2. This is where I don't have any experience. Specifically with sending code that wouldn't be stripped by either level of securities (Web and Application Server) to create a protocol that would act as your pathway to the db. I can imagine it being done, but I wouldn't know what one would need to do in order to do it without being caught by IDS/IPS.

3. Not sure it would matter once you got to the level that they did. DBs are way too easy to get into once you have fairly direct access, which you would from the Application Server. Combination of binary and hex data prods if they're on SQL servers and it will pretty much open it up for you. This is a huge issue right now with ASP VBScript sites still running out there since Microsoft stopped supporting it. Lots of ways to bypass certain protocols to spoof data through your header data.

50Terabytespersec2760d ago

Must of been an Windows Application server (lol)or is it custom Linux boxes??? Also it is obvious that they did not heavily invest in the security of our personal data as the cost would not of been worth the actually loss incurred by this breach.
So for a publicly traded company I say this " next time think of your customers not your Dollars!"
I hope this doesn't take away from them building a PS4 with SSD drive in it!!
Also whats the BS with KZ3 having no in game custom sound track like part 2?????
If this is the case with PS4 I will gladly by go back to PC gaming!!

Masterchef20072760d ago

Speak english my good man. You really make me feel like a moron with your extremely technical dialect.

bozebo2760d ago (Edited 2760d ago )

The fact that they had an Application server at all nearly proves that they use Microsoft servers (like 95% of large companies do).

So the hackers looked up some latest vulnerabilities for IIS. Pretty simple.

There is no IIS network in the entire world that is secure, none, not one, ever. Sony will be switching to a full Linux system right now. (except office workstations, so they are still vulnerable... lol)

blahblah2760d ago (Edited 2760d ago )

"Best practice for DB security is to prevent access to it."

major problem being that you need some access to it in 99.99% and application server injection has already passed by firewall.

but if you mean to say it should be exposed with restricted API done in specialized custom built protocol and run in userland chrooted environment. yes, hiding is best practice;)

@bozebo: "The fact that they had an Application server at all nearly proves that they use Microsoft servers (like 95% of large companies do)."

you really don't know what application server is, don't you? i'm avid linux fan and wouldn't touch windows even with remote on empty batteries. but, ... application server categorizes any protocol exposed API. even apache and webservice made script fit the bill. not to mention any application that does it fully, like multi tier db access for example.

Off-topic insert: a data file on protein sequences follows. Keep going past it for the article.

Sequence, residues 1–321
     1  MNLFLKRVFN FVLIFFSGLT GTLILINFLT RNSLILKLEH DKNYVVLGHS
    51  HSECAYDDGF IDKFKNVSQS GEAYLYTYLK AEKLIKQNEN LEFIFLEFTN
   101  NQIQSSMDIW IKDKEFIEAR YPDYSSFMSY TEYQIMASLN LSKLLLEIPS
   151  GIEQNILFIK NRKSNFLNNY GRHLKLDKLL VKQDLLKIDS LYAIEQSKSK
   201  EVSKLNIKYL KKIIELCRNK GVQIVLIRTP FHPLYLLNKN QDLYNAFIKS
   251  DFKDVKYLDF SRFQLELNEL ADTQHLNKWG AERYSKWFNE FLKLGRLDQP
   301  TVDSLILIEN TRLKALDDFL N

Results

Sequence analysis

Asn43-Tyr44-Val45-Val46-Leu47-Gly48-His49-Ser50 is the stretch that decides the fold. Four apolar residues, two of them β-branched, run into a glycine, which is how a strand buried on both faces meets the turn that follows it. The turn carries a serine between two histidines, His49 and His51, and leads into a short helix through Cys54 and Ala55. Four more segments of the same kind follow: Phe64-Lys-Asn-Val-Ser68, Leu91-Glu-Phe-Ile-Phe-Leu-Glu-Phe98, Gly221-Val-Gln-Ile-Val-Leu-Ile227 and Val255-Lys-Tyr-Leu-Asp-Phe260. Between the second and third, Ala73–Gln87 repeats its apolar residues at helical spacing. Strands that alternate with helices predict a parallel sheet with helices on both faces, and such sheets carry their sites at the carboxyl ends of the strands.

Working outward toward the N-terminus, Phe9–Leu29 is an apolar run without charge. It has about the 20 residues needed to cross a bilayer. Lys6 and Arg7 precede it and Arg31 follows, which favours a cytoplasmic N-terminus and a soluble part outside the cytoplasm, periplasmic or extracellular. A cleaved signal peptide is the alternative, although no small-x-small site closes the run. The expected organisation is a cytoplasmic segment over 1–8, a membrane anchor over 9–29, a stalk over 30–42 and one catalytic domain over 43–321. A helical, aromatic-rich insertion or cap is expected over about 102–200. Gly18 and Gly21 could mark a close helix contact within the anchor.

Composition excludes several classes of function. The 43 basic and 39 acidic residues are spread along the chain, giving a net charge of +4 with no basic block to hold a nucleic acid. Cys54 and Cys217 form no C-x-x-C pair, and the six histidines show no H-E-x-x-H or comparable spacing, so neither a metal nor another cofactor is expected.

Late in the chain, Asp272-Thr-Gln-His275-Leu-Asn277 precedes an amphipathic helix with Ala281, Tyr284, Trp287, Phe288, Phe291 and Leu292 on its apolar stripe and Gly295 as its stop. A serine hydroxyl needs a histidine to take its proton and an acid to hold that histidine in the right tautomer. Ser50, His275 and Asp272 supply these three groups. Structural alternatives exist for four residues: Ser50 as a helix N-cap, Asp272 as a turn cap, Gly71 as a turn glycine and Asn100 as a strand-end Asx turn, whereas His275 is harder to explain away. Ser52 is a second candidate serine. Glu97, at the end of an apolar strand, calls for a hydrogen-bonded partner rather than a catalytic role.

and, if you are linux enthusiast like me, i'd suggest hoping that sony will avoid it like plague. sony meddling into it would only bring sorrow. imagine broadcom, nvidia and likes are actually really friendly to linux compared to sony

Christopher2760d ago

***but if you mean to say it should be exposed with restricted API done in specialized custom built protocol and run in userland chrooted environment. yes, hiding is best practice;)***

That would be covered under "preventing access"...

Whether it's through parameterization, user access limitations, middleman web services, and others, it's a method of preventing access. Perhaps better word would have been limitation of access... but that's a preventive measure unto itself.

+ Show (5) more repliesLast reply 2760d ago
jke822761d ago (Edited 2761d ago )

networking not being my strong point pretty sure it goes vulnerablity in access to application server and to my understanding they could fake a legit application trying to access psn database, since the application server has full trusted access your shit gets stolen and totally bypasses all the firewalls in between

edit: cgoodno said it better

frostypants2760d ago

This diagram is actually very generic, and isn't really specific to this PSN attack. Most corporate sites can be looked at this way. I.E., 3 layers: the website, which sits on top of an application server, which sits on top of a database environment. Websites make constant requests and submissions to the application server, meaning that a clever person can figure out ways to interact with the application server in ways not intended by the developer. If the hacker somehow manages to do so, and successfully plants a means of obtaining further control at that app server level, they are now "inside" and in many corporations would have an easy route to the database.

+ Show (4) more repliesLast reply 2760d ago
ravinash2761d ago

It would be interneting to see where this application they used came from.

ALFAxD_CENTAURO2761d ago (Edited 2761d ago )

The Hackers are suppose to detect those holes and let them know to the owner (like in various cases) there is a hole in the system, without harming, stealing, or to improve security and in the end is a WIN WIN in both sides (the white hat Hackers), this is not the case.

This annoying Hackers, are the Crackers, also known as the ''Black Hat'' Hackers, they steal and harm everything.

Mario182761d ago (Edited 2761d ago )

A blue guy using a laptop, over the internet, sent arrows to communication tools and account information.

The bricks and concrete shows how a house is supposed to be made. The top concrete joins with the bottom followed by 3 large blocks of bricks.

Cosmit2760d ago

Of course! It was right in front of us the whole time. This makes perfect sense! :P

Lol nice one! :D

Anonymous_2761d ago ShowReplies(1)